A gradual but inevitable descent into cricket-based loathing and bile.

The 51allout Bargain Basement Book Bonanza: ‘Sundial in the Shade: the Story of Barry Richards’

Posted on March 4, 2017 by in Opinion

May we present an award for the most subtitles to a book ever? The winner is this effort by Andrew Murtagh, which according to the Kindle version is called:-

Sundial in the Shade: The Story of Barry Richards: the Genius Lost to Test Cricket

Despite the liberal use of the colon in the title, this is a book that deserves a positive review.  Before turning the first page, we should explain about the author. Andrew ‘First Degree’ Murtagh: a bit-part player for Hampshire in the 1970s: the biographer of John Holder and Tom Graveney: the uncle of Middlesex’s very own Tim ‘Meat Is’ Murtagh.

It's Murtagh on the dancefloor.

It’s Murtagh on the dancefloor.

The book starts terribly though. Like utterly awfully. We quote:-

“On 21 July 1945, bowlers around the world gave an involuntary shiver. It was not the dawn of the atomic age – the bombing of Hiroshima took place a fortnight later – but the birth of Barry Richards that had given rise to their sense of foreboding.”

It’s like something Alan Partridge would have written. But don’t let this lovely stuff put you off. It’s actually a very good book.

Murtagh makes a compelling case for Richards to be in the uppermost tier of batsmen in the history of the game, possibly second only to Don Bradman.  Late in the book Murtagh also acknowledges that Richards’s countryman Graeme Pollock is also more-or-less equal to Richards; the statistics provided certainly back this argument up. The question of how good South Africa would have been in the 1970s, and Richards in Tests, is unanswerable, but the feeling is that they would have been damn good.

But not as good as Peter Handscomb.

But not as good as Peter Handscomb.

Some examples of his excellence? In a Sunday League match at Hull (Hull!) he scored 155* out of 215/2, with no other batsman in the match passing 18. In the 1970/71 Sheffield Shield, he scored 1,538 runs from 16 innings for South Australia, at an average of 109.86. That season, at Perth, he scored 325* in one (five and a half-hour) day, with South Australia 513/3 at close of play.  Until Brian Lara scored 390 in a day in a dead match against Durham, no-one had scored so many runs in one day, let alone on day one against Dennis Lillee and Graham McKenzie. In that knock, Richards didn’t even have the benefit of a working slushy machine to cool himself down.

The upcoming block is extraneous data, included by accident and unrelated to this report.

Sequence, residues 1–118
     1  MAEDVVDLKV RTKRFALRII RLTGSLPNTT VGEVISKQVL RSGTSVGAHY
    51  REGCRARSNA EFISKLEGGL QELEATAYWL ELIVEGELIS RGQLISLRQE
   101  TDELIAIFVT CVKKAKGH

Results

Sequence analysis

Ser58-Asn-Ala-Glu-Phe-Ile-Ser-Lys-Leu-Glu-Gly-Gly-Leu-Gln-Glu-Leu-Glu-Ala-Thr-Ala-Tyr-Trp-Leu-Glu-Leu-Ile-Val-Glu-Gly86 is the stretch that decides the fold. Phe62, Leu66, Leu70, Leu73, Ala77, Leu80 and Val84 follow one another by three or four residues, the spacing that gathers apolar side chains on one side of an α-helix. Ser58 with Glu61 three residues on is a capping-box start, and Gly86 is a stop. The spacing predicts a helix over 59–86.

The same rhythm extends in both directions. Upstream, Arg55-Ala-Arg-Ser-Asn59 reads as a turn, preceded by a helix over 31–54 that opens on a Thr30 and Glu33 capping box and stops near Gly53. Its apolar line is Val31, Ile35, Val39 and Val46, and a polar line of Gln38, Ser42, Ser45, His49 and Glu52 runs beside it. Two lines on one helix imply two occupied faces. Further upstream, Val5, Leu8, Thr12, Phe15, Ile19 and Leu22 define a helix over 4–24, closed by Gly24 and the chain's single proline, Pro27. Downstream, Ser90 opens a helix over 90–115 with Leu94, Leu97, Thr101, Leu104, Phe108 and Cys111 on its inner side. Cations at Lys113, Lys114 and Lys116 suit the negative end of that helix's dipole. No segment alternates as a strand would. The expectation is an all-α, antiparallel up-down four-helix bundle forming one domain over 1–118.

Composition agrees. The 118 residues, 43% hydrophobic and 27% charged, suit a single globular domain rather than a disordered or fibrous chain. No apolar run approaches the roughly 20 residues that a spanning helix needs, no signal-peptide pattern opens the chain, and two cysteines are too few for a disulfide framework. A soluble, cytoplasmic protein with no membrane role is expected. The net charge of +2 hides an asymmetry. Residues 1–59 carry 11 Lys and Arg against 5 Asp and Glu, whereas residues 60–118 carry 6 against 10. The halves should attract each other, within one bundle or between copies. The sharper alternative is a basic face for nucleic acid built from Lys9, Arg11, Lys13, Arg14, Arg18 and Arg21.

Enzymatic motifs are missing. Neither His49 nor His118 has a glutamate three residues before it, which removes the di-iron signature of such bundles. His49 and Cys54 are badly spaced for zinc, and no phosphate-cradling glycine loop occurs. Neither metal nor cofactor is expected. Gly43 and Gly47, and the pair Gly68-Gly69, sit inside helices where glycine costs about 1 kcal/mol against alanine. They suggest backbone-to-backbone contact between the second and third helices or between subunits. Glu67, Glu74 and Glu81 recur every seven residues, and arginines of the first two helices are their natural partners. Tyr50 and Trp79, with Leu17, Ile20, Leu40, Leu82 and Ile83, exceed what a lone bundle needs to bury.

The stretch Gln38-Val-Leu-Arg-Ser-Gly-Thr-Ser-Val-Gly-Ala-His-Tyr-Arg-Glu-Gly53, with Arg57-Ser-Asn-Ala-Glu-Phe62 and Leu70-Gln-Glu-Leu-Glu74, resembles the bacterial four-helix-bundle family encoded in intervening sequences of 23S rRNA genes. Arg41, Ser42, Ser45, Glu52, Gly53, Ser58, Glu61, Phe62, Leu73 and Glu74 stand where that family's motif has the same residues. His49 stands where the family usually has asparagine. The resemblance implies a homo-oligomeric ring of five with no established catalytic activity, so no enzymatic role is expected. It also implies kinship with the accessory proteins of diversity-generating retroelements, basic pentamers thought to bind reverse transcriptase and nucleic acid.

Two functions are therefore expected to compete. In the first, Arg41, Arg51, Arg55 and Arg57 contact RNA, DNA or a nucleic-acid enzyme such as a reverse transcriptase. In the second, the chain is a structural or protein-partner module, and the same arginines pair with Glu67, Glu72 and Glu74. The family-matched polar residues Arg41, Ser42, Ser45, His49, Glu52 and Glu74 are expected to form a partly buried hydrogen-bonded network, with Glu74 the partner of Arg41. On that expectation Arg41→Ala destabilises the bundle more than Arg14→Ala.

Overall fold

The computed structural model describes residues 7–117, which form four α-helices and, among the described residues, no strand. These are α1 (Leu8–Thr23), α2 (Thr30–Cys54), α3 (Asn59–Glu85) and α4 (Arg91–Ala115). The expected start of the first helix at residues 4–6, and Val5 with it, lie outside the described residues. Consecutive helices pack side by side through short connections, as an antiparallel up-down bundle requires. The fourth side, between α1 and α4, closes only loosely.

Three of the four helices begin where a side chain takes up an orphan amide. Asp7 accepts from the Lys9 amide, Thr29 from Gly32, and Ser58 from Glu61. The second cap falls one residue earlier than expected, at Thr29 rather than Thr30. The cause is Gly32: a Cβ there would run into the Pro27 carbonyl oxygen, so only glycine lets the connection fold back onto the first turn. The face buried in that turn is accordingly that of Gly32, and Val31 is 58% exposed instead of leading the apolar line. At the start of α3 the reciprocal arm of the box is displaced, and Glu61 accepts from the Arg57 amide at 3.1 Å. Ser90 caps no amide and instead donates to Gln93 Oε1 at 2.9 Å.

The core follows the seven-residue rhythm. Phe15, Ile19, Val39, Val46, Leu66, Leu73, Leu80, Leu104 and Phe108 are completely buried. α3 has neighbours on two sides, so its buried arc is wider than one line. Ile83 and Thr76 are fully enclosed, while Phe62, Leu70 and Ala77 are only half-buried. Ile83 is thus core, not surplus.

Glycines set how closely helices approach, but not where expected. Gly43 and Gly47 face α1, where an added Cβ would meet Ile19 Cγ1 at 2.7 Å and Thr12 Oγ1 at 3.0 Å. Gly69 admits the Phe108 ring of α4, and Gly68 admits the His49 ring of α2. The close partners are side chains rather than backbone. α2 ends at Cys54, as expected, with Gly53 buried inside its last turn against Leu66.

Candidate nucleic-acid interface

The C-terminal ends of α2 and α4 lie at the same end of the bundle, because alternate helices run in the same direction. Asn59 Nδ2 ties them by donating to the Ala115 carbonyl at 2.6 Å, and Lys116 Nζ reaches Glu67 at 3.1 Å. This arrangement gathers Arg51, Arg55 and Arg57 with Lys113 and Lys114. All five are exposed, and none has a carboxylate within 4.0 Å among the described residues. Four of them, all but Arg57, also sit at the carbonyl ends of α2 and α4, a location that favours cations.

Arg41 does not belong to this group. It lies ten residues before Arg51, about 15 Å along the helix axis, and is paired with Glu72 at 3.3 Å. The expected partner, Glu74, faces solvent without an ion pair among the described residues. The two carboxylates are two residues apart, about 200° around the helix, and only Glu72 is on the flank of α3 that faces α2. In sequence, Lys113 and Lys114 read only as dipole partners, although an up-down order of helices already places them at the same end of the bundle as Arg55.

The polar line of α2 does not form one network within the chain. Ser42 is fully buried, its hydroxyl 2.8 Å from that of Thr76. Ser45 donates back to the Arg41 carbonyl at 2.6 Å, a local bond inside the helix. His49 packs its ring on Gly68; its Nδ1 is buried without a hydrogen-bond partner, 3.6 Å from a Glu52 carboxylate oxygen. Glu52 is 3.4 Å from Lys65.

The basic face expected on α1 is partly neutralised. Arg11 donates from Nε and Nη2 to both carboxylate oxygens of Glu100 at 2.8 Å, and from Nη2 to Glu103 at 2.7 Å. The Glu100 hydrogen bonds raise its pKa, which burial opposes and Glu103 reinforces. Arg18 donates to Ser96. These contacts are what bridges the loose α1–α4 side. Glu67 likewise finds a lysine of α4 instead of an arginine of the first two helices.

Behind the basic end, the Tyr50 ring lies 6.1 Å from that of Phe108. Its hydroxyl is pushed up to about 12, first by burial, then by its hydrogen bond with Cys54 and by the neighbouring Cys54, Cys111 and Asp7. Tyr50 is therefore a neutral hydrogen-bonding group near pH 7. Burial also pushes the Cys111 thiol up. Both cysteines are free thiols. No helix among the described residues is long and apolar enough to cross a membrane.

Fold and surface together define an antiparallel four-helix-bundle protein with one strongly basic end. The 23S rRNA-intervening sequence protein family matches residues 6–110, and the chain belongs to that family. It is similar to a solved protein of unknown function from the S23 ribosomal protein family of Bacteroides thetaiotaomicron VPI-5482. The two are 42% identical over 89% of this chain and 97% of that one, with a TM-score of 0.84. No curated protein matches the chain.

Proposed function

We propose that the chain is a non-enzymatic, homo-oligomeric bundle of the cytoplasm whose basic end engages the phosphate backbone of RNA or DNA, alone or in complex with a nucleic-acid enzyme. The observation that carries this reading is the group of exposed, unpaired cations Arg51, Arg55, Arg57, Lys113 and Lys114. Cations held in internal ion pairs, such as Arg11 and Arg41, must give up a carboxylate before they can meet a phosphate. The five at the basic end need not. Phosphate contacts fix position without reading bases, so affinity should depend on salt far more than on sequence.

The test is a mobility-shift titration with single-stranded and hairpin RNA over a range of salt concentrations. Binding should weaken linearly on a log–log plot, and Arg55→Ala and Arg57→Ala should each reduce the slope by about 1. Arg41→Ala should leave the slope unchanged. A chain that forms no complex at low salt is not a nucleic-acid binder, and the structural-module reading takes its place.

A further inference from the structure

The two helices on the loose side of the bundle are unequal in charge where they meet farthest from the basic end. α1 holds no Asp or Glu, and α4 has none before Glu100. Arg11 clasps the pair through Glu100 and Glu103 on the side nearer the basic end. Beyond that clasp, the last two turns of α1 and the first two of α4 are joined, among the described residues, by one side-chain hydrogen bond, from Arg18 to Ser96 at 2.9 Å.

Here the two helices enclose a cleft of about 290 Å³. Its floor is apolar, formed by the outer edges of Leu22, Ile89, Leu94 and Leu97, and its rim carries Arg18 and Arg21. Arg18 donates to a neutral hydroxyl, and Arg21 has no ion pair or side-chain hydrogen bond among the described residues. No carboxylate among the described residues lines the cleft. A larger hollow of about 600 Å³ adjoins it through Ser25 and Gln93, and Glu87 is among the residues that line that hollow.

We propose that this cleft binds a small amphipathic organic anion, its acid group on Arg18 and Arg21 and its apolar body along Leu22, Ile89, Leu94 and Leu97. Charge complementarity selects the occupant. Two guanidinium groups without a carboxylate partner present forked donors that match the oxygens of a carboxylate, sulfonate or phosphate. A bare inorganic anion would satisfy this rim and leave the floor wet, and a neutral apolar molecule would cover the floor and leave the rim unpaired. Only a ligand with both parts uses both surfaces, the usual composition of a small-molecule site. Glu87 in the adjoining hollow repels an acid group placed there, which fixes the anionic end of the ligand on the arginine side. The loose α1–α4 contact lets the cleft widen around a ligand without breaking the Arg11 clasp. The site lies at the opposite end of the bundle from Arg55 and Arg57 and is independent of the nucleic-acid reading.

In World Series Cricket, Richards was one of the stars; at last, he could demonstrate his talent and ability against the world’s best in a visible arena, South Africa having been banned from international cricket since his four Tests in 1970. He fared alright. From the ‘Supertests’ against Australia and the West Indies, he averaged 79.14.  Contemporaries Viv Richards and Greg Chappell had the next highest averages of 55 and 56 respectively, while others such as Ian Chappell and Gordon Greenidge only averaged in the 30s. And this was against bowling attacks including Lillee, Andy Roberts, Joel Garner and Michael Holding.

He was also rather hunky.

He was also rather hunky.

The author did his research well, with plenty of willing interviewees adding colour and context to stories.  Other cricketers of the era also turn up in supporting roles, e.g. Roy Gilchrist, who we learn was sent home from a tour to India for bowling beamers from 18 yards in a Test, and who later played in the Lancashire League where he hit a batsman over the head with a stump.

The book also discusses South African cricket during the country’s exile from international sport.  Clearly there were very good players at this time whose true greatness couldn’t be tested.  However Richards and Murtagh are disappointingly patronising in saying a Natal side from the 70s “would have knocked the stuffing out of the Zimbabwe and Bangladesh sides of today.” Murtagh even lists respective XIs and asks if the reader has heard of any of them.  Yes Andrew, we have indeed heard of Shakib Al Hasan and Mushfiqur Rahim. We also spotted a few errors in the book, for example in a section on players’ earnings, apparently Graham Hick’s benefit year raised £300,000 in 1980 – the year he turned 14.

The book’s title(s) are all apposite. He probably was a genius lost to Test cricket. This is his story. And as Murtagh quotes Benjamin Franklin, “Hide not your talents; for use they were made. What’s a sundial in the shade?” What would his Test career have been if he had played for 10 years? Truly one of the great what ifs.

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